I can easily say that I’ve never eaten food like this in NYC (maybe I should check out Hospoda?). The flavors—lots of hot paprika, offal, rye, quark—hewed traditional yet everything I sampled managed to be fresh and light instead of stodgy. And a little daring; I don’t picture goat meatballs or beef heart tartare being common in Budapest.

Bar tartine dinner

Bottarga, grilled bread, butter, radish. At first I thought the butter had been smoked Extebarri-style, the flavor was so prominent, but I think it was simply the heavily grilled bread. A simple open-faced sandwich was made special by the translucent slices of fish roe.

Grilled tripe, fennel, cabbage, coriander. This dish almost never came, but I wasn’t about to say, “oh, never mind” because I have a thing for cow’s stomach in all preparations and like to see how it’s handled in different cuisines. These tender strips were also given a serious grilling, and despite the presence of fennel and cabbage had a vague menudo quality thanks to a spicy broth and cilantro.

Kapusnica – smoked blood sausage, pickled cabbage, cherry, chili, hen of the woods. I’ll also always order blood sausage if I see it (I’ve never seen one quite this obscene) especially when paired with unusual mushrooms, a hit of spice and cherries (which I encountered time and again on this trip—you know you’re eating seasonally when the same ingredient shows up on your plate in numerous restaurants). The richness of the sausage still dominated, but wasn’t overly heavy.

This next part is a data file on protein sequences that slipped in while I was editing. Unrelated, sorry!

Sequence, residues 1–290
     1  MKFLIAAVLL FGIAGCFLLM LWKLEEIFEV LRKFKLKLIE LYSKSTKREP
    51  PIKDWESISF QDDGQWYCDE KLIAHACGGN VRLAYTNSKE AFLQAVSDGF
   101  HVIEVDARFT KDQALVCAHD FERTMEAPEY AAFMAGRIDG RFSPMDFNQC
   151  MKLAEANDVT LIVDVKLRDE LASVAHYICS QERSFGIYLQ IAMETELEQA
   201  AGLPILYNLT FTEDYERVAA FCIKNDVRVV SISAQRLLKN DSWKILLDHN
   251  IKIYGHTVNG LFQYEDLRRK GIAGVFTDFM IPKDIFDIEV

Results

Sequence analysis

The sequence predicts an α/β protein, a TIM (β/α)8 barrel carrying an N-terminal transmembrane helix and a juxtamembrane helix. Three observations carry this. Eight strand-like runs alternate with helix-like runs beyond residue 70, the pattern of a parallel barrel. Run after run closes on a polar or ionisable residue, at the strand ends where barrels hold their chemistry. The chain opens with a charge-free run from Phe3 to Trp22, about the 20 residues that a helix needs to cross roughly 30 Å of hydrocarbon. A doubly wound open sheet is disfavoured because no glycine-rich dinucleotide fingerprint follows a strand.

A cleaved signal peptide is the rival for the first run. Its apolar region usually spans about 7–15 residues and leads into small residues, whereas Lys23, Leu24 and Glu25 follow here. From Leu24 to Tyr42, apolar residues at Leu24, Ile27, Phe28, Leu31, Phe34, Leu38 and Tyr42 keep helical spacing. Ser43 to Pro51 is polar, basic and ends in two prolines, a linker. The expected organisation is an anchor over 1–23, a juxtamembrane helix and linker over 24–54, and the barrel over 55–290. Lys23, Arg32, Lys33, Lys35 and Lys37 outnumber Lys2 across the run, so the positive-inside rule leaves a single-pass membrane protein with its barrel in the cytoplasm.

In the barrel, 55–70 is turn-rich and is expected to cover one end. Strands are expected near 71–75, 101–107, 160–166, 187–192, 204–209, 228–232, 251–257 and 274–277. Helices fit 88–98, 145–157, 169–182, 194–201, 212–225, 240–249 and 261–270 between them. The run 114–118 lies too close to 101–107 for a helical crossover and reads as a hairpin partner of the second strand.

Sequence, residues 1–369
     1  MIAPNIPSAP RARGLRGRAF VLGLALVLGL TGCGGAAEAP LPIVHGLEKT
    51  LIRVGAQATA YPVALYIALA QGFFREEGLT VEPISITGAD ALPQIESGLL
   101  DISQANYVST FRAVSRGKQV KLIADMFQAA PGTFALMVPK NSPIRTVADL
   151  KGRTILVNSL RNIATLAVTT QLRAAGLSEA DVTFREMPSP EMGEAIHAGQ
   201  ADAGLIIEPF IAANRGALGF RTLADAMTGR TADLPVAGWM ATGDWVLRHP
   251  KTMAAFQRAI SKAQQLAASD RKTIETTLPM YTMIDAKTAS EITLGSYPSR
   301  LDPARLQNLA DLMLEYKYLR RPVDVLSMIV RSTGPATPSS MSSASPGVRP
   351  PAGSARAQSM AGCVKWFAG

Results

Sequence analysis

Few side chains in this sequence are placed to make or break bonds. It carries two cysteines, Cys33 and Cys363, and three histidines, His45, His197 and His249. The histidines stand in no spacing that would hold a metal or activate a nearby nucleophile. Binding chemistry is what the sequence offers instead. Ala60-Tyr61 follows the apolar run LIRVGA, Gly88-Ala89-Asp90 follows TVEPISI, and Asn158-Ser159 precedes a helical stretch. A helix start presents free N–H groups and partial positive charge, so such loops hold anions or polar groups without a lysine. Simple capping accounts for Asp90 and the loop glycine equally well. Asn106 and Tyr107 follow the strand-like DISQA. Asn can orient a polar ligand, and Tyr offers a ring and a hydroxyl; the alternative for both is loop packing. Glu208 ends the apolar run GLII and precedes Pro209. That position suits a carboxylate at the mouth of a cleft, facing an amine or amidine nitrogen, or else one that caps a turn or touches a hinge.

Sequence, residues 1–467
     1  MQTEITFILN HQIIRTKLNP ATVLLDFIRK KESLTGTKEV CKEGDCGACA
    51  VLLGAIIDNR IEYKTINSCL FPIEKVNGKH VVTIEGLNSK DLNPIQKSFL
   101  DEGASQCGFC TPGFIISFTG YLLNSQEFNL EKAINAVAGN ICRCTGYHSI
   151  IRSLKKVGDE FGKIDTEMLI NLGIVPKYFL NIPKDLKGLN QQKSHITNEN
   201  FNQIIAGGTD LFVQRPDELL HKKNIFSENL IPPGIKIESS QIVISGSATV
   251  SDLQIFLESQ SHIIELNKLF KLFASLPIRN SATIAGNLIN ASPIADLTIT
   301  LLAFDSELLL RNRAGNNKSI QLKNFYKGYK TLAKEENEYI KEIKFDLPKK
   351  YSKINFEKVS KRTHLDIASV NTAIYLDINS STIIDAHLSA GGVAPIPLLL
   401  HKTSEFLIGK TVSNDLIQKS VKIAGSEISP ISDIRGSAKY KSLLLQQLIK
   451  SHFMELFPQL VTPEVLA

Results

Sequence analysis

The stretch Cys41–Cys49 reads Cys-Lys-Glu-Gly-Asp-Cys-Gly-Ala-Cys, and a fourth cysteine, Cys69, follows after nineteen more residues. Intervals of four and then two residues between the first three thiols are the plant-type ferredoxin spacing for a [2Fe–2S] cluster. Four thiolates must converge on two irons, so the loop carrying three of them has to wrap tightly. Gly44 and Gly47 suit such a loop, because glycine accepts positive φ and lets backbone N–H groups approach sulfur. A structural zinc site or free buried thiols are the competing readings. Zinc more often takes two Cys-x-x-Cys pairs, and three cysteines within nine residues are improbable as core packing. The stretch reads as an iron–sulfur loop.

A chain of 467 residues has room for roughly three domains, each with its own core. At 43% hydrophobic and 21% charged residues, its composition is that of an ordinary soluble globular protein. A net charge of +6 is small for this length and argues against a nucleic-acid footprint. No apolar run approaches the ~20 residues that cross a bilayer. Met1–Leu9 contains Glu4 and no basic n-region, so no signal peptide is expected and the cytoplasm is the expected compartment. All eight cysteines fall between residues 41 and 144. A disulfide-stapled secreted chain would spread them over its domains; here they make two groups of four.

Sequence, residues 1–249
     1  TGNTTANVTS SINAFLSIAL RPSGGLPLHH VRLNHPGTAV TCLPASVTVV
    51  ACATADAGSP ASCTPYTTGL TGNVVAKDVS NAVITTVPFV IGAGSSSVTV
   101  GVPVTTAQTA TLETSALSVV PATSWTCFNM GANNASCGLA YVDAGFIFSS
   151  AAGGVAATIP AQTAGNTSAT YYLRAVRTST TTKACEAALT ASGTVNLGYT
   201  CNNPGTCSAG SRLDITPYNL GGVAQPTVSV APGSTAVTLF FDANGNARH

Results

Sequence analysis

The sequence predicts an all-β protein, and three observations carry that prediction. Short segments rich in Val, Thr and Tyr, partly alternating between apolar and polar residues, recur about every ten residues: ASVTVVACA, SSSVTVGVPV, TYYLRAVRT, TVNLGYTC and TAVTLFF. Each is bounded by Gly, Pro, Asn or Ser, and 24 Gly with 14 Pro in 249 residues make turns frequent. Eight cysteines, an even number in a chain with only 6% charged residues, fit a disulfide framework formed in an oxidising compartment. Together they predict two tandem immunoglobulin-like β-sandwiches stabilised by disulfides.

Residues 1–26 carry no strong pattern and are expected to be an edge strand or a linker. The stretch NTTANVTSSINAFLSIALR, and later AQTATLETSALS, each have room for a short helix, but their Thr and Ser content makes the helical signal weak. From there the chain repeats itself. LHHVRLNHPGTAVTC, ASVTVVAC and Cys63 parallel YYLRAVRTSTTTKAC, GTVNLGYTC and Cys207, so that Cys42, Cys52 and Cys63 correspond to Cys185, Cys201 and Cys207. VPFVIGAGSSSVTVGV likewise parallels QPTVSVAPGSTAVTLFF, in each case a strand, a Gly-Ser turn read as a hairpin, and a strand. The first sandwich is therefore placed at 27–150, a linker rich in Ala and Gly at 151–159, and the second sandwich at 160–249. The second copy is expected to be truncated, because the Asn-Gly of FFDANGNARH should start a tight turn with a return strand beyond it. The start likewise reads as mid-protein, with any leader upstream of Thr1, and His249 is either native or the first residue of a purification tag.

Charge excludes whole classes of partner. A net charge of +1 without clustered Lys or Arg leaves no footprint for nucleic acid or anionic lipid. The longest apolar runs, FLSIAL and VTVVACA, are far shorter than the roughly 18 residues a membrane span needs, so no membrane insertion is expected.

Halaszle – Rock cod, Hungarian wax pepper, smoked broth, purslane, fennel, onion. Hmm…if they can smoke broth, maybe that butter was smoked, after all?

Bar Tartine * 561 Valencia St., San Francisco, CA


Krolewskie Jadlo

I’m not biased against Eastern European food; it just never occurs to me to seek it out. I lived in a Polish/Bosnian/Croatian/Romanian neighborhood for three years and didn’t sample the local fare even once. (That had more to do with not being able to afford going out to eat in the late ‘90s-early ‘00s, though. I think that’s why I originally started a dining diary. Restaurants were more of a rare treat and I liked to keep track of where I had been even if it meant no more than typing a short awkward paragraph. New Green Bo was my initial entry back in 2000, and no, it’s hardly illuminating (and I'm still not much for illumination but now I have photos to lean on) but the librarian in me likes documenting and archiving. These oldies have actually been helpful, if for nothing more than jogging my own memory.)

Krolewskie jadlo exterior
 But while looking for something quick and cheap before attending an Oscar party in Greenpoint (that had food—I’m just spazzy about squeezing in a choice meal because I never know what might be served at a party and I don’t like taking chances. It’s kind of like how many years ago a friend, a recovered alcoholic who thought I drank too much, asked me if I drank before going to parties, as if that were a serious warning sign. Uh yeah, I did and still do and my liver is fine.) I was moved by the Krolewskie Jadlo’s regal kitsch. I’d always wondered what went on inside the restaurant with two suits of armor standing guard at the entrance.